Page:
Most of us today live very hectic lives, our days, nights and weekends filled with work, school, chores, errands and family obligations. Although most of us would really like to help others, to give something back and get more involved in our community, we don’t always know what we can do and we often find ourselves too busy or too tired to find out.
Best ideas for helping others
The opportunities for helping others are many. Consider some of the following ideas that can easily be incorporated into your daily routine and also throughout the year.
- Make an effort every day to extend a kind word or a thoughtful gesture to someone. It only takes a minute, costs absolutely nothing and can really brighten a person’s day. Smile at a stranger. Hold a door open for someone carrying heavy packages – simple gestures but they will be appreciated.
- When shopping at the grocery store, pick up a few extra non-perishables and store them in a container at home. When the container is full, deliver it to your local community food pantry.
- Help the environment and go green. Recycle your waste. Cut back on energy, fuel and electricity usage. Carpool or use mass transportation whenever possible. Respect the air, land, rivers and all of Earth’s other natural resources.
- Take your gently used clothing, furniture and housewares to your local Salvation Army, Goodwill or other local charity when you no longer need them. If you have children, get them involved also, instilling early on the importance of helping others. Place a bin in a closet or in the garage and encourage your children to put their outgrown clothes, toys and books in it, to be donated later to a local charity. Never throw anything out that could be useful to someone else.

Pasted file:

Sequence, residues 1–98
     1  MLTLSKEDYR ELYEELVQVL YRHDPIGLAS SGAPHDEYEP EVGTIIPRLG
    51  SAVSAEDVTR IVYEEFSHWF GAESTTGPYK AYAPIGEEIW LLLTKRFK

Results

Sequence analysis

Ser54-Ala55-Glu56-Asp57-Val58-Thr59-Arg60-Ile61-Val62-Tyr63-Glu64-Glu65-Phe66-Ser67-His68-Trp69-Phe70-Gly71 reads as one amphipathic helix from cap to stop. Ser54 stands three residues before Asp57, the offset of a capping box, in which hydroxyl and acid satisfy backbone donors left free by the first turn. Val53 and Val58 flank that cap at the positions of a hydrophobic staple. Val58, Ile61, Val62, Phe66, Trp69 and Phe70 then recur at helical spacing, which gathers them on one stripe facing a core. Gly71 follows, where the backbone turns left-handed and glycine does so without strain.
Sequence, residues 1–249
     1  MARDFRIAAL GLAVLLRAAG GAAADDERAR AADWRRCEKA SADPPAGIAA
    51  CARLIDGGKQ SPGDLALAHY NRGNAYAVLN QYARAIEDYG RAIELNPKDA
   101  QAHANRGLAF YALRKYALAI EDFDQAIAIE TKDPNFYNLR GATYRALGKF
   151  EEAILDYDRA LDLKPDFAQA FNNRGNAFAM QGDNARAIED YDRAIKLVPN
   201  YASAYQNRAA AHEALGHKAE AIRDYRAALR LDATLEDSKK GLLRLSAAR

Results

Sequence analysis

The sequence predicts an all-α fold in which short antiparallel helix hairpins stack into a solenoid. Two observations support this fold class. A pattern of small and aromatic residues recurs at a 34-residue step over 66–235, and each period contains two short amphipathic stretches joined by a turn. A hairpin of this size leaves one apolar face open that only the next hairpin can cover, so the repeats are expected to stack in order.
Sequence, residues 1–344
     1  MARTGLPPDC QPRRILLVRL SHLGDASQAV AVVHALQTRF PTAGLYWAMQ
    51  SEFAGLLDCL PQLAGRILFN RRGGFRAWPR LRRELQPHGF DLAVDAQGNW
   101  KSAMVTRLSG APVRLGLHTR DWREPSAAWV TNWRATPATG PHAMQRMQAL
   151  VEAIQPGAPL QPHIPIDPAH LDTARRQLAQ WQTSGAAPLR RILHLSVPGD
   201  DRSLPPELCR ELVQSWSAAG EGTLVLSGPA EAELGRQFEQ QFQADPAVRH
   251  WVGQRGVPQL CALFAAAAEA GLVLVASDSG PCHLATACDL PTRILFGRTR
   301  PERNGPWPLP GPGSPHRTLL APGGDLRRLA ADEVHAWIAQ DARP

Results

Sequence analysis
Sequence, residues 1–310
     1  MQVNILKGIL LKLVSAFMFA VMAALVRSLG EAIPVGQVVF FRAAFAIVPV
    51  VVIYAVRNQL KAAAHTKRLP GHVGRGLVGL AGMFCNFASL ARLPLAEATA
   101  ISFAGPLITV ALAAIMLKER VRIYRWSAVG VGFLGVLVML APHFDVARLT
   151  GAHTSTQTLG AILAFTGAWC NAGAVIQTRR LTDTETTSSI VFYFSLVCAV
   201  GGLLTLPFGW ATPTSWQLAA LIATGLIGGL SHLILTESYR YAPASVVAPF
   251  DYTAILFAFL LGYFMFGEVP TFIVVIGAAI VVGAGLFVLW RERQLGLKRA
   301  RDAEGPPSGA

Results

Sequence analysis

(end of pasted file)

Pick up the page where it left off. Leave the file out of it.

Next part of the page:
- Grow your own fruits and vegetables. Make your own environmentally-friendly compost. Get closer to nature, enjoy the gardening experience and share your harvest with your family and friends.
- Check in on your elderly and lonely neighbors, especially if they have no relatives living close by. A slice of homemade pie, a few minutes of friendly visiting, a trip to the pharmacy to pick up a prescription – all can bring some happiness and comfort to someone who is lonely, frightened or disabled.
There are also many other opportunities for charitable giving that can be done in addition to your daily acts of charity. Consider donating some of your time or blood to a local Red Cross blood drive. Consider helping out at a food bank or soup kitchen. Volunteer as a friendly visitor or companion in a nursing home or hospital. Offer to be a driver for someone needing a ride to the store or to a doctor’s appointment.
If you belong to a civic or social organization such as a garden club, bridge club, church group or senior center, get together with the other members and come up with an idea for some charitable activities that can be done throughout the year. Adopt a family during the Thanksgiving, Christmas or Hanukkah holidays and prepare a huge food basket. Plan an Arbor Day event in April and plant some trees to beautify your community. Organize a winter coat drive or a pet food drive. Get involved with Habitat for Humanity or start a similar program in your own neighborhood. Knit some baby blankets, hats and mittens for needy children.
You could even donate your time on getting the word out on the benefits of drug treatment programs for those in need of the help – the possibilities are endless!
Acts of charity are important, both for fulfilling your own life and also for improving the lives of others. Get your whole family involved. Start each day by being thankful for all that you have and then find a way to share your good fortune with those less fortunate. The first step is the hardest; once you’ve begun the journey, charitable giving begins to fuel itself.